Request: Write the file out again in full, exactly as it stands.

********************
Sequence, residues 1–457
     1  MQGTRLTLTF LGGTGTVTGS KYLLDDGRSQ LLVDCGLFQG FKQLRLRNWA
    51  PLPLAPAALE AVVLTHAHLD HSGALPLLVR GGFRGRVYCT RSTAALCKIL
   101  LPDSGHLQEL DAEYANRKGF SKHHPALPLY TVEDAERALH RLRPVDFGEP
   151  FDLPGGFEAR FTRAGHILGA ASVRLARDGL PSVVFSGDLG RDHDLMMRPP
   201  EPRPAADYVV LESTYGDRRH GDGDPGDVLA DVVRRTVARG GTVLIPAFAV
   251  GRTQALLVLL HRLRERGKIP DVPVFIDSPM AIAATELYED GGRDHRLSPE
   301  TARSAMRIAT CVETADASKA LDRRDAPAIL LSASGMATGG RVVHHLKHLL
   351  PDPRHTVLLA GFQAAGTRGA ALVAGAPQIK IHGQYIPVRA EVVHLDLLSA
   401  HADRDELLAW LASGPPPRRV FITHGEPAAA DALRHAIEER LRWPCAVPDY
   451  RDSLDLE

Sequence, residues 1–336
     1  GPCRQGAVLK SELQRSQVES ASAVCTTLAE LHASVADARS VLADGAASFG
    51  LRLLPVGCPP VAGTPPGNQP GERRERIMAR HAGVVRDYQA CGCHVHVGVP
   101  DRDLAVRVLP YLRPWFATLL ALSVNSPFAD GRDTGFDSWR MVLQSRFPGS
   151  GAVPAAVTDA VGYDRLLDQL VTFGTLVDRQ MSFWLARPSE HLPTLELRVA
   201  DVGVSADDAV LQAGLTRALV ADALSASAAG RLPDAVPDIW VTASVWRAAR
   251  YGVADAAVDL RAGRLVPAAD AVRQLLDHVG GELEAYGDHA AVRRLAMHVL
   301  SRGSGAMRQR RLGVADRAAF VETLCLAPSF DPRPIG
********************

Sequence, residues 1–457
     1  MQGTRLTLTF LGGTGTVTGS KYLLDDGRSQ LLVDCGLFQG FKQLRLRNWA
    51  PLPLAPAALE AVVLTHAHLD HSGALPLLVR GGFRGRVYCT RSTAALCKIL
   101  LPDSGHLQEL DAEYANRKGF SKHHPALPLY TVEDAERALH RLRPVDFGEP
   151  FDLPGGFEAR FTRAGHILGA ASVRLARDGL PSVVFSGDLG RDHDLMMRPP
   201  EPRPAADYVV LESTYGDRRH GDGDPGDVLA DVVRRTVARG GTVLIPAFAV
   251  GRTQALLVLL HRLRERGKIP DVPVFIDSPM AIAATELYED GGRDHRLSPE
   301  TARSAMRIAT CVETADASKA LDRRDAPAIL LSASGMATGG RVVHHLKHLL
   351  PDPRHTVLLA GFQAAGTRGA ALVAGAPQIK IHGQYIPVRA EVVHLDLLSA
   401  HADRDELLAW LASGPPPRRV FITHGEPAAA DALRHAIEER LRWPCAVPDY
   451  RDSLDLE

Sequence, residues 1–336
     1  GPCRQGAVLK SELQRSQVES ASAVCTTLAE LHASVADARS VLADGAASFG
    51  LRLLPVGCPP VAGTPPGNQP GERRERIMAR HAGVVRDYQA CGCHVHVGVP
   101  DRDLAVRVLP YLRPWFATLL ALSVNSPFAD GRDTGFDSWR MVLQSRFPGS
   151  GAVPAAVTDA VGYDRLLDQL VTFGTLVDRQ MSFWLARPSE HLPTLELRVA
   201  DVGVSADDAV LQAGLTRALV ADALSASAAG RLPDAVPDIW VTASVWRAAR
   251  YGVADAAVDL RAGRLVPAAD AVRQLLDHVG GELEAYGDHA AVRRLAMHVL
   301  SRGSGAMRQR RLGVADRAAF VETLCLAPSF DPRPIG